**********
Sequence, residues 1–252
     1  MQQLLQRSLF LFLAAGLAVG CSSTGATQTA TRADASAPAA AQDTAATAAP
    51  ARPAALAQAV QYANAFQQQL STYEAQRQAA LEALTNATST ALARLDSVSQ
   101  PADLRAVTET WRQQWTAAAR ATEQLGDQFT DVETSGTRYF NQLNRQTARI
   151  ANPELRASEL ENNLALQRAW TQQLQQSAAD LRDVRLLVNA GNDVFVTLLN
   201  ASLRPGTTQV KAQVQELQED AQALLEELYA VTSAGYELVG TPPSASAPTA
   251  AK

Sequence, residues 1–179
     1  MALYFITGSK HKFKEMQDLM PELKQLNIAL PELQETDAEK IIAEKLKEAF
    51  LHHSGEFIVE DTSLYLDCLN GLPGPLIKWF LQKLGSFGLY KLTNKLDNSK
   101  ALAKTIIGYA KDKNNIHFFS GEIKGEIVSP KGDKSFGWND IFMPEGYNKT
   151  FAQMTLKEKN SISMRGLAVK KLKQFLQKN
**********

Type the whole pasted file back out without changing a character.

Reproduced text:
Sequence, residues 1–252
     1  MQQLLQRSLF LFLAAGLAVG CSSTGATQTA TRADASAPAA AQDTAATAAP
    51  ARPAALAQAV QYANAFQQQL STYEAQRQAA LEALTNATST ALARLDSVSQ
   101  PADLRAVTET WRQQWTAAAR ATEQLGDQFT DVETSGTRYF NQLNRQTARI
   151  ANPELRASEL ENNLALQRAW TQQLQQSAAD LRDVRLLVNA GNDVFVTLLN
   201  ASLRPGTTQV KAQVQELQED AQALLEELYA VTSAGYELVG TPPSASAPTA
   251  AK

Sequence, residues 1–179
     1  MALYFITGSK HKFKEMQDLM PELKQLNIAL PELQETDAEK IIAEKLKEAF
    51  LHHSGEFIVE DTSLYLDCLN GLPGPLIKWF LQKLGSFGLY KLTNKLDNSK
   101  ALAKTIIGYA KDKNNIHFFS GEIKGEIVSP KGDKSFGWND IFMPEGYNKT
   151  FAQMTLKEKN SISMRGLAVK KLKQFLQKN